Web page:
Welcome to the Marine Mammal and wildlife Research and Community Development Expedition blog where you can keep up to date with all the happenings and information from Kenya

Wednesday, November 4, 2009

Made In Mahandakini

Sara, our former expedition volunteer, intern and now field staff member heading up our Tsavo West sustainable development programme updates us on developments at Mahandakini:

When I came to Africa a year and half ago I never thought I would be teaching women here how to hand weave using sisal, a natural fibre that grows here. But then again I wouldn't have imagined having the opportunity to build relationships with communities in the way I have. If I was to go to any other villages and tell the women I was going to teach them how to weave using sisal I have no doubt that they would laugh at me; a young 'mzungu' (white person) woman knowing how to weave let alone able to teach them something about it they didn't already know!

I first visited Mahandakini a year ago and have been back many times since. The welcoming nature of the people in this village has allowed me to stay in their homes, eat meals with them and play games with their children. With the relationships I have established I feel just as at home in Mahandakini as I would back home in Australia. This is important not just for me but for the community, building something rare - their trust. and that is the reason I was able to spend a week teaching the women in Mahandakini new weaving techniques to make handles for the bags that they have been weaving over many generations past.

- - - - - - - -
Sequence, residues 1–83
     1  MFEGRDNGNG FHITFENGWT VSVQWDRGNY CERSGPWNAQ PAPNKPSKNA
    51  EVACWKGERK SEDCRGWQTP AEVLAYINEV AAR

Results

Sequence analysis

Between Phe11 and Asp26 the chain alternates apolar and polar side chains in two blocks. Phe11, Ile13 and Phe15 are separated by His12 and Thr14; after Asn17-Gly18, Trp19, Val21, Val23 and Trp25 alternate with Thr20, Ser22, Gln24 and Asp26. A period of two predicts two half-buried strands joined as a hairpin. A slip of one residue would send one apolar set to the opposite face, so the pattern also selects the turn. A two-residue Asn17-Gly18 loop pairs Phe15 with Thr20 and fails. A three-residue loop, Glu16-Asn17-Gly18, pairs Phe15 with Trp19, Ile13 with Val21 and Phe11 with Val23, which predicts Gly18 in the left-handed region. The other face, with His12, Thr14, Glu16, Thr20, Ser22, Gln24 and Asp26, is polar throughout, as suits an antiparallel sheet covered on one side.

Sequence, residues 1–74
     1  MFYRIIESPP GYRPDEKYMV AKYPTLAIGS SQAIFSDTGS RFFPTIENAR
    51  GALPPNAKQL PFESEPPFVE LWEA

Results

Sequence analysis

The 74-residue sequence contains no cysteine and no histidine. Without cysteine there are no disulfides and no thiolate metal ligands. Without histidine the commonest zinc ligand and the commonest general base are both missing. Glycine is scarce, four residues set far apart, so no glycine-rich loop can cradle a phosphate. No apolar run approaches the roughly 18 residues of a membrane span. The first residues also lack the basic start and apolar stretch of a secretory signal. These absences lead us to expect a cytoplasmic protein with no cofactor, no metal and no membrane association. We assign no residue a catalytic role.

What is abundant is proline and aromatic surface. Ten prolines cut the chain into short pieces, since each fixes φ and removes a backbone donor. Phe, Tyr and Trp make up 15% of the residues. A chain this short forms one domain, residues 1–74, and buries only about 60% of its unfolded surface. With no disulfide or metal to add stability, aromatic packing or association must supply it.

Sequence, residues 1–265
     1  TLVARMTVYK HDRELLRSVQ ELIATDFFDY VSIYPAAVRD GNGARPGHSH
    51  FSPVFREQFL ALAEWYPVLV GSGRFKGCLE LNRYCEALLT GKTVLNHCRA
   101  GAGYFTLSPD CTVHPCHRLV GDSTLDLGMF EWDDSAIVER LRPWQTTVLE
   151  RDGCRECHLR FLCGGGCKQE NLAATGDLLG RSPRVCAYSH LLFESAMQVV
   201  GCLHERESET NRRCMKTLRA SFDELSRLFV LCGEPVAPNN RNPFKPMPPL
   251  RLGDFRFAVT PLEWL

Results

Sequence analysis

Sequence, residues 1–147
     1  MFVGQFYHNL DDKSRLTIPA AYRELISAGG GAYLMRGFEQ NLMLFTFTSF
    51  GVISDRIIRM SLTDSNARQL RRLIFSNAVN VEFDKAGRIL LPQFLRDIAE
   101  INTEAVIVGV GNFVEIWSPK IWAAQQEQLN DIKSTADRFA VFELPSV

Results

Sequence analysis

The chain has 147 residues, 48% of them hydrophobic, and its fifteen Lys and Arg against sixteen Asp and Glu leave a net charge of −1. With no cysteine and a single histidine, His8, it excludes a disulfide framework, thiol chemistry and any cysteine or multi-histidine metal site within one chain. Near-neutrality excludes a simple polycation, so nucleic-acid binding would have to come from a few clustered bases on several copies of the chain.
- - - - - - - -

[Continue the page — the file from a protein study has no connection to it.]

With our keen group of volunteers, we spent a number of days seated on the ground with the women, tangled in sisal twine, giving practical training on different ways to weave sisal and produce attractive handles for the all-natural bags that they produce. Our aim is to enable them to add the 'finish' that will catch the tourists' eyes and so add value to their products - this is key to successful sustainable development, finding markets for the skills that they already possess.

We taught them three new weaving techniques alongside making labels for the bags using recycled elephant dung paper. By the end of the week a number of bags were completed with handles and labels produced by the women of Mahandakini, which I can now take with me in search of potential new markets for the women. Importantly the success of the week would not have been possible without the trust of the people of Mahandakini in both me and the volunteers they were meeting for the first time. A big thank you to everyone and congratulations to the women of Mahandakini!



Sara Mayer said...

those bags look awesome! the crafst(wo)manship of the bags themselves is impressive, and the handles will make them stick out in the eyes of potential buyers! i'd be happy to snag a few for friends back home when they hit the market! congrats to all involved.